May 03. 2013 11:48PM

TD Bank says Hooksett firm thwarted foreclosure auction

Union Leader Correspondent

Lawyers for TD Bank are arguing that a Hooksett business owner is attempting to use the police and the courts to prevent them from completing a foreclosure sale on his property.

David McCurdy is the principal of MTS Associates, which sells and services golf carts and utility vehicles, and PM Cross, a related real estate entity that leases out the property on which MTS operates. MTS remains operational, but TD Bank foreclosed on PM Cross in March, and scheduled an April 24 auction, according to bankruptcy court filings.

Bank lawyers have accused McCurdy of attempting to stonewall the auction, first attempting to use the police to prevent the bidders from stepping onto the property and then by filing for Chapter 11 reorganization mid-auction.

McCurdy and his lawyer, Peter Tamposi, could not be reached for comment. The bank's lawyer, Ed Ford, declined a request for comment.

The bank filed a foreclosure notice on the property on March 18. Prior to the auction, there had been no legal filings against the foreclosure. The auction was scheduled for April 24. Six bidders arrived at the property on Cross Road in Hooksett that day and found their entry barred by a Hooksett police cruiser.

According to Hooksett Police Chief Peter Bartlett, McCurdy initially led the officer to believe he wanted to hire a police detail for an auction, not to bar entry to one.

"The owner of MTS, from what I've been told, he called and hired a detail for an auction," Bartlett said. "When the detail was taken in from the officer, they assumed from their conversation that he was holding an auction for his golf equipment or something, and he said he just didn't want too much traffic over to this auction."

When the bank officials came to hold the foreclosure auction for the property, the owner told them that they weren't allowed on the property. However, the officer realized this was not the case.

"Clearly, it was a communication error on the part of the business owner," Bartlett said.

At this point, the officer told him that it was a civil matter, and called for a superior. Lt. Michael Labrecque was on his way to help settle the matter, but before he arrived, Ford, the bank's lawyer, not wanting to "get into a confrontation," decided to hold the auction in the parking lot.

Two of the six bidders were active in the parking lot auction: Nicholas Mercier and Louis Pichette, who the bank is alleging was clandestinely working with McCurdy. McCurdy himself was watching the proceedings from behind the cruiser while his agent allegedly recorded the auction.

Mercier's top bid was over Pichette's by $25,000 at $1,075,000. Before that bid could be finalized, PM Cross filed for Chapter 11, effectively halting the sale.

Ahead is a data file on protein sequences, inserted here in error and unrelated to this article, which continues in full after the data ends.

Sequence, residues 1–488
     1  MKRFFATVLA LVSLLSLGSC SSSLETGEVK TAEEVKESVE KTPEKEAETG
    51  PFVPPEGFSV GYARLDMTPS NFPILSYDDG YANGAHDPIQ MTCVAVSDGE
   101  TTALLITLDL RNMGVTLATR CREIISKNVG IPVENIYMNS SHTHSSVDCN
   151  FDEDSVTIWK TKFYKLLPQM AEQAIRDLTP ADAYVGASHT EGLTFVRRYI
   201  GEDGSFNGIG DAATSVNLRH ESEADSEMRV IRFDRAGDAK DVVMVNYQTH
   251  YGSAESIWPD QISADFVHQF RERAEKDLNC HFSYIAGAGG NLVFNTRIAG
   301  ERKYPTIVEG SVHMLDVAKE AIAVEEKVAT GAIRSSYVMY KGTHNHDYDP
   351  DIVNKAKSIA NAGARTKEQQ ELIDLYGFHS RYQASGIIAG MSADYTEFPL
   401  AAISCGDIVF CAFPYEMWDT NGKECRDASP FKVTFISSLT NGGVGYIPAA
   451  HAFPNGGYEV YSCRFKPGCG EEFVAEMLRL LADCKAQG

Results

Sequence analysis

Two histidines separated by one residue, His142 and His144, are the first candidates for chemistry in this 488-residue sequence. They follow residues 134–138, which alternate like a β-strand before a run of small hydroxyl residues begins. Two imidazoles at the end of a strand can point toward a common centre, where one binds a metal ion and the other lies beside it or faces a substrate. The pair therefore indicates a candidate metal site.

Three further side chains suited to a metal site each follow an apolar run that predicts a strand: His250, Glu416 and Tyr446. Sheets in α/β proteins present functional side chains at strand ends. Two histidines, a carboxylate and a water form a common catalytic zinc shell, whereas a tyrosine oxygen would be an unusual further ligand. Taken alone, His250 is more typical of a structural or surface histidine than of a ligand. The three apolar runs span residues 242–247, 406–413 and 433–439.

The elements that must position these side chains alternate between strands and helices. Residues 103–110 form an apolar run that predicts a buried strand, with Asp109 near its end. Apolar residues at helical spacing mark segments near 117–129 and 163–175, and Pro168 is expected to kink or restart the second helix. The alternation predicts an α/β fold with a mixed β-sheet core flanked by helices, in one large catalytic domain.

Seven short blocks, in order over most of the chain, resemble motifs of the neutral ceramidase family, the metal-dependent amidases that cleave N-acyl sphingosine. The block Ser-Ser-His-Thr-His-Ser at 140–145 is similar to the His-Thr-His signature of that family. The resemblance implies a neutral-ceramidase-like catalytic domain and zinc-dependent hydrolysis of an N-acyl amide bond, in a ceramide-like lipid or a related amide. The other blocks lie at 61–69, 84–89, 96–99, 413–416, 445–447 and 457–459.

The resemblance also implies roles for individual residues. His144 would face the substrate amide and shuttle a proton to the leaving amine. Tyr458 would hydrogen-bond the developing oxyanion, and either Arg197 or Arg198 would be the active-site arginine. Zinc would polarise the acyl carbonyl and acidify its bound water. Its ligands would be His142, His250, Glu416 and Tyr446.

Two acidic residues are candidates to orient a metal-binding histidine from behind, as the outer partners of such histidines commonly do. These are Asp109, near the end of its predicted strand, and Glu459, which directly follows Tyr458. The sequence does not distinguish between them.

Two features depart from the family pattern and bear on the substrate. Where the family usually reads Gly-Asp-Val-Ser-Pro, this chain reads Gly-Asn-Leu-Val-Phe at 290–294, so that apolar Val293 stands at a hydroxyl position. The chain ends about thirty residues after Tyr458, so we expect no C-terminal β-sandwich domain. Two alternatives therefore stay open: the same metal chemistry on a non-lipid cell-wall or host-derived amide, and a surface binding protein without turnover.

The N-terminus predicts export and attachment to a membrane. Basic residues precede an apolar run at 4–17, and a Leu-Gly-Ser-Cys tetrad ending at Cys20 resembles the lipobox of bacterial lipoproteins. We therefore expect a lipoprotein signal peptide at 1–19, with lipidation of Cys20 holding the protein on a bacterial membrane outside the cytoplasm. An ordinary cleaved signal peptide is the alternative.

Ford has described the filing as having been made in bad faith, writing: "There is no reorganization purpose here, but only a purpose to frustrate TD Bank's ability to sell at auction to a third party for the highest and best price."

Ford has asked the bankruptcy judge, Bruce Harwood, to dismiss the bankruptcy stay and allow the bank to move ahead with the sale.

PM Cross' attorney has characterized this push as attempting to make a decision by "fire drill." He also argued that Pichette had expressed a willingness to match Mercier's bid if he walked away, and thus TD Bank had no reason to fear for its investment.

A key question in the proceedings will be whether PM Cross can be considered a small business, as Ford asserts, or a retail estate holding company, as Tamposi maintains. Bankruptcy law largely prevents small businesses from filing Chapter 11 twice in two years, as PM Cross has.

TD Bank granted a $1 million U.S. Small Business Administration-backed loan to PM Cross in 2007, according to the filing. The Hooksett company first filed for Chapter 11 protection in January 2012, and that loan was renegotiated through the courts in October at $1.1 million.

Of that loan, $963,000 was to be at 5.25 percent interest. The remaining $154,000 was interest-free, but with the caveat that this figure be paid back in five years with monthly payments of about $7,400. PM Cross missed every one of these payments, according to the bank. It offered a payment of about $6,800 in December, but the bank rejected this.

MTS Associates has never entered bankruptcy and remains operational. However, it was supposed to pay a monthly rent of $14,500. While PM Cross received $61,400 for the lease in 2011, it saw nothing from MTS in 2012 and 2013.

TD Bank remains PM Cross' largest creditor. The company owes $32,400 to the town of Hooksett and $8,200 to the Small Business Administration.